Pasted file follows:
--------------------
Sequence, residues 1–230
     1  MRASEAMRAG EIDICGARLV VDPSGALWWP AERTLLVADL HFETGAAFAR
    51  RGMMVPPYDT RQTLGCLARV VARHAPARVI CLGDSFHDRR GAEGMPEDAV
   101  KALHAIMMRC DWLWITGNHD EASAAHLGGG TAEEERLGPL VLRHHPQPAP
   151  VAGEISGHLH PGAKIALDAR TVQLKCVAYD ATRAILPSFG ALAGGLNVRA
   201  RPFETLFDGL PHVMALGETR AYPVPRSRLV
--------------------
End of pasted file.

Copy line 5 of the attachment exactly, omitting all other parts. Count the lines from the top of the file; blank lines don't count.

   151  VAGEISGHLH PGAKIALDAR TVQLKCVAYD ATRAILPSFG ALAGGLNVRA